Wednesday, 29 June 2016

When Google ignores your title Tag

Display API     22:51     No comments

When Google ignores your title Tag

In some relatively rare cases, Google- use Open Directory is the title page. Similarly, if a page has no title tag, Google- can create a list of calls at a common text that is used to connect to the page. In addition, the Google-, sometimes decide to craft a list of text combining the title with a title tag, text links, text pages, domain or other methods, it is the best decision.

As a website owner, I hate it. Google- I want to use what I give him a name. Google insists that it must be creative, especially in cases where people are not able to provide titles. I argued that in the past, as a solution, Google should provide site owners with some sort of "yes, I really, really sure» meta tag to declare that they absolutely want their pages to be used for headings. I did not win that argument. But, at least, is a Google- obey NOODP meta tag titles and does not use the Open Directory if you object to that?

Titles Versus very good keywords

One of the things, Gruber outraged by the titles that seem "sloppy" and filled with "junk." Perhaps the best example was overwhelmed by MSNBC, which has the title tag:

Breaking News, Weather, Business, Health, Entertainment, Sports, Politics, Travel, Science, Technology, Local, US & World News -

Gruber writes.

Who are these titghose- junk keywords that are targeted. Google? What do they really think that the "breaking news" in the title of the home page makes it more likely that Google- will rank them higher when people search for that term. It's like they taking tips from the SEO book 1995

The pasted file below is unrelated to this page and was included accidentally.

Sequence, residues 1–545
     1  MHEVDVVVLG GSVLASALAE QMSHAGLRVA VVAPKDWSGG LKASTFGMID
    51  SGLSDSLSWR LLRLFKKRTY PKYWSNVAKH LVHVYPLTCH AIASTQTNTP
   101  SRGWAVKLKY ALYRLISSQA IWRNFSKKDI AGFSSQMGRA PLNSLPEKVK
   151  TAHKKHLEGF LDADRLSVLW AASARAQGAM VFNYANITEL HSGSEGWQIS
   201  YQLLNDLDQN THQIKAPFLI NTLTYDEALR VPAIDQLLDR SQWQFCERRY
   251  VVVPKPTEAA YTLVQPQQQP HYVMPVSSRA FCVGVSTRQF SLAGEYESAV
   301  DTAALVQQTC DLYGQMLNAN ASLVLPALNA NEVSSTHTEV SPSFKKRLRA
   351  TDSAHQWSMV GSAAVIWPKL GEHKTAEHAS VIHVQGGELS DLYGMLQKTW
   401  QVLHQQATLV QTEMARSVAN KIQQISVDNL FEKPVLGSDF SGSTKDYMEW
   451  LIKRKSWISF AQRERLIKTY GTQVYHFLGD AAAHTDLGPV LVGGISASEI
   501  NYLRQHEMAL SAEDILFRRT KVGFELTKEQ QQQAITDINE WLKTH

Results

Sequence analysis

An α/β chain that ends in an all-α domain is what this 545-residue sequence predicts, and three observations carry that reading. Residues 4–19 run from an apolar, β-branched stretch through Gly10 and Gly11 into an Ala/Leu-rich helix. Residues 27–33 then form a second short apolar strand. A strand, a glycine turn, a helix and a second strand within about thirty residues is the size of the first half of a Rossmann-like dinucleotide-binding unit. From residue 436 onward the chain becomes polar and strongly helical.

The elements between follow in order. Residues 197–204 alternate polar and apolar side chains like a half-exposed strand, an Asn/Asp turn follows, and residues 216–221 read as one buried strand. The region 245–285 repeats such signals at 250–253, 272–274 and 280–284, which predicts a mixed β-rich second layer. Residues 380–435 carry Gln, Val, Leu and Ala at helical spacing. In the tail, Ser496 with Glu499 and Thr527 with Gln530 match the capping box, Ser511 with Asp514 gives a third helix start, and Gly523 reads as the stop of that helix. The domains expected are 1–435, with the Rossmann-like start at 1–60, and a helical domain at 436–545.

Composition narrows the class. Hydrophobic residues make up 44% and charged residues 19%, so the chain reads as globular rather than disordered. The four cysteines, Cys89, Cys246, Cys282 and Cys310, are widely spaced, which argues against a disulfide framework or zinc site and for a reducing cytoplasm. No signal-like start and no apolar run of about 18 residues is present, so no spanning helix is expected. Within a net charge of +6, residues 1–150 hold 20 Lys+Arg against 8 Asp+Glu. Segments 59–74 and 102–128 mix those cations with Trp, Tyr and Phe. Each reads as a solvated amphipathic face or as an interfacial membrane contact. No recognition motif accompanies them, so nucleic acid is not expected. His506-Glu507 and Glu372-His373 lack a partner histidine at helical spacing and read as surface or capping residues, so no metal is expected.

I actually have been doing SEO since 1995, and tips for writing about it since 1996. I can tell you that my advice is to go back, it was a billion keywords like this plunge. From April, 1996.

Focus on two or three keywords that you think is most important to your website, then provide those keywords in both your title and noted early in the morning on your web page.
So, I agree. I think that MSBC is overdoing it. It has 12 different news topics on the home page title tag on target. Indeed, the need to focus on only two or three topics. But I need to get back to this more when I talk about classification issues.

How long is too long? Google- and Bing do not really care. If you have a long title, they simply truncate the excess, as they do in this case the search for breaking news, which brings to MSNBC:

Some, like Gruber, can feel like the title cut short ugly. Some searchers may be interested. I've never seen studies that say one way or another. Personally, I'd prefer titles that match. But in the end, I do not write my titles to fit exactly within the space of the Google- and Bing will display (about 70 characters in two places).

Site Name Title, or not.
Gruber also offers suggestions on what he considers a reasonable formula for creating a unique page titles. They are the show.

The name of the -Headline
Title - The name of the site
I need to ensure that simple formula.

Show what you think is important to your potential reader

Do you think that your readers need to know the name of your site on each page. Not me. Not my site. That's why we put all our articles to rank in Search Engine Land.